Union feds march against scapegoating

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February 8, 2011 (Photo courtesy AFGE)
By Meg Beasley
Reporter
Federal News Radio

One thousand federal employees took their case to Capitol Hill Tuesday. Members of the American Federation of Government Employees (AFGE) marched to the Senate office buildings to put a face on the federal workforce.

"We are not these high-dollar paid people that a lot of people think federal employees are," said Wayne Marion, president of the AFGE Local 331 at the Perry Point, Md. Veterans Affairs healthcare system. "We are working class people. We are taxpayers. We are the American people that make this country run."

Marchers held signs and chanted, "They say take back - we say push back!", and "What time is it? Union time!", as they crossed the Upper Senate Park and gathered outside Russell office building.

AFGE and several other employee unions are concerned that lawmakers are blaming federal employees for the country's deficit and other government problems. AFGE president John Gage said the "baseless, un-factual verbal attacks" are the worst he has seen in his 20-year career representing government workers.

Many AFGE members said Congress is to blame for the misperception.

"Some of the lawmakers are looking at federal employees as a scapegoat, as part of the problem rather than part of the solution that we are," said Dan Doyle, a Department of Energy employee and president of AFGE Local 1995 in Morgantown, W.Va. "They need to realize that we are the critical infrastructure for this nation's government and that attacking federal employees is hurting that infrastructure."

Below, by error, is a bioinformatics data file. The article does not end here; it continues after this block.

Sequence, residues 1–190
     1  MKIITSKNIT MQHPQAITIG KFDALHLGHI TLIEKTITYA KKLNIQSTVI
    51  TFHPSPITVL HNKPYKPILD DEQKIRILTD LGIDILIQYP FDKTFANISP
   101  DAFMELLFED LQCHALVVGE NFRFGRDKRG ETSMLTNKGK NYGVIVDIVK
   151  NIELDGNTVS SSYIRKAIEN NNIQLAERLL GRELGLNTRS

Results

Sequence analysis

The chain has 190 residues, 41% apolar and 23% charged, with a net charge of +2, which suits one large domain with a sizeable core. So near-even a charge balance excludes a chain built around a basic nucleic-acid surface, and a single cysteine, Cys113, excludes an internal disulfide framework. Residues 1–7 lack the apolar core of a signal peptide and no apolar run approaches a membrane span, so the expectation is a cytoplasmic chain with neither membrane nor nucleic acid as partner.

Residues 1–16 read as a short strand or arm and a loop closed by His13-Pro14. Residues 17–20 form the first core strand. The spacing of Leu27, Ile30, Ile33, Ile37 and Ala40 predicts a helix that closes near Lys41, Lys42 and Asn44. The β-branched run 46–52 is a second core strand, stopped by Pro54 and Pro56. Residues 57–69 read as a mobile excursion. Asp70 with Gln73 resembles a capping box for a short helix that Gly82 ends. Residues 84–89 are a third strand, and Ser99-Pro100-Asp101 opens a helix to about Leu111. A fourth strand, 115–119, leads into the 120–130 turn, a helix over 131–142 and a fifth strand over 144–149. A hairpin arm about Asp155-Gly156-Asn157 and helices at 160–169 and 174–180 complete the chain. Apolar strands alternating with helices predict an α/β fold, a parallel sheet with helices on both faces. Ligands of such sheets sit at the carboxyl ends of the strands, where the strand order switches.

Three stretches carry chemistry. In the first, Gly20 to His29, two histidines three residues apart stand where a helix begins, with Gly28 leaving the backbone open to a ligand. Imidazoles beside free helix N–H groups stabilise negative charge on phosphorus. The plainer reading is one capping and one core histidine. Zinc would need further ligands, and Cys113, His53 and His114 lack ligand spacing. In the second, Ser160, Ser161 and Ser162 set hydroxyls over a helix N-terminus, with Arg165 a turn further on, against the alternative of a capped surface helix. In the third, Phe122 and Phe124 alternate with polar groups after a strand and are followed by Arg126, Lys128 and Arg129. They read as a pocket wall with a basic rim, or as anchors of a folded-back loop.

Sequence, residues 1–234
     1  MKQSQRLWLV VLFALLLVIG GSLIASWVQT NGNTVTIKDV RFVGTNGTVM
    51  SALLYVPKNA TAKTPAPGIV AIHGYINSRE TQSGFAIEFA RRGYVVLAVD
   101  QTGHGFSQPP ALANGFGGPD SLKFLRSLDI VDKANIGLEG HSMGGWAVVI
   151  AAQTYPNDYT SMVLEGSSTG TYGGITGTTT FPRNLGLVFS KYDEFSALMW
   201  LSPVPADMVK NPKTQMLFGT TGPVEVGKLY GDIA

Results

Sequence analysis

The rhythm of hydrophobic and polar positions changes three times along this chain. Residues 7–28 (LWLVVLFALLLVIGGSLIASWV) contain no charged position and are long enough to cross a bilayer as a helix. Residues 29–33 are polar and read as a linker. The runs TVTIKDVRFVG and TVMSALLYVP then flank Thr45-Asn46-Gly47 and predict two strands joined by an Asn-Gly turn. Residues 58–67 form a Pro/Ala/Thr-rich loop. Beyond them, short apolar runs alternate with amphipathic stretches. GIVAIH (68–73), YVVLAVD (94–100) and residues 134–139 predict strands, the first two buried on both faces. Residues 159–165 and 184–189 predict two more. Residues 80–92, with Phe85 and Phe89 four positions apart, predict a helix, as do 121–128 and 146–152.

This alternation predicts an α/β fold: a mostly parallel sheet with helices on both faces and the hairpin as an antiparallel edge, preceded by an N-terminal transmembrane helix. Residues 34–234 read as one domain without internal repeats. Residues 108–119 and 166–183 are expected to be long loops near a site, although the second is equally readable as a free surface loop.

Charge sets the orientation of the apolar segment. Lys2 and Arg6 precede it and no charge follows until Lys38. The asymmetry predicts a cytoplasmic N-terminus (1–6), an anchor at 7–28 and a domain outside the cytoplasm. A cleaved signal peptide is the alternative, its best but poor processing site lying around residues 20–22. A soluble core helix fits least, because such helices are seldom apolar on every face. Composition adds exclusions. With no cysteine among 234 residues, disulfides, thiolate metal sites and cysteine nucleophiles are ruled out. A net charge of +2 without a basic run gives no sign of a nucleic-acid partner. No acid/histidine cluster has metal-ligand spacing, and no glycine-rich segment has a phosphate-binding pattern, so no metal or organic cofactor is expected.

Others said it didn't matter where the attacks came from - they simply need to be corrected.

AFGE members divided into agencies and retook their oath of service to the government. Many marchers then went into Russell to deliver petitions from their Locals.

The march was part of AFGE's annual legislative conference, going on this week in Washington. Union members are concerned about several issues before Congress including the pay freeze, possible furloughs, and potential cuts to the Federal Health Benefits Program, retirement benefits and union representation.

Some feds made individual visits to their representatives. Aquilla Brock, president of AFGE Local 2488 in Fort Worth, Texas, spoke with Sen. John Cornyn (R-Texas) before the march.

"We explained that we were not happy with the freeze and what they are doing to us," Brock said. "He indicated to us that they're broke, and we indicated back to him that we're broke, too.

Alma Lee, president of AFGE's national Veteran Affairs council said the pay freeze was unjust, and she wanted to make sure all federal employees - including members of Congress - were affected.

Many members were concerned with union representation.

The Transportation Security Administration Feb. 4 gave Transportation Security Officers the ability to vote on whether they want partial bargaining rights. TSOs at the march said they want full rights, which require an act of Congress.

After this week's conference, AFGE members will return to their communities to continue humanizing the federal workforce.

Gage said AFGE already has begun working with other unions nationwide. They will hold media and outreach events to educate the public about the harm they say Congress is doing to feds and the entire country.

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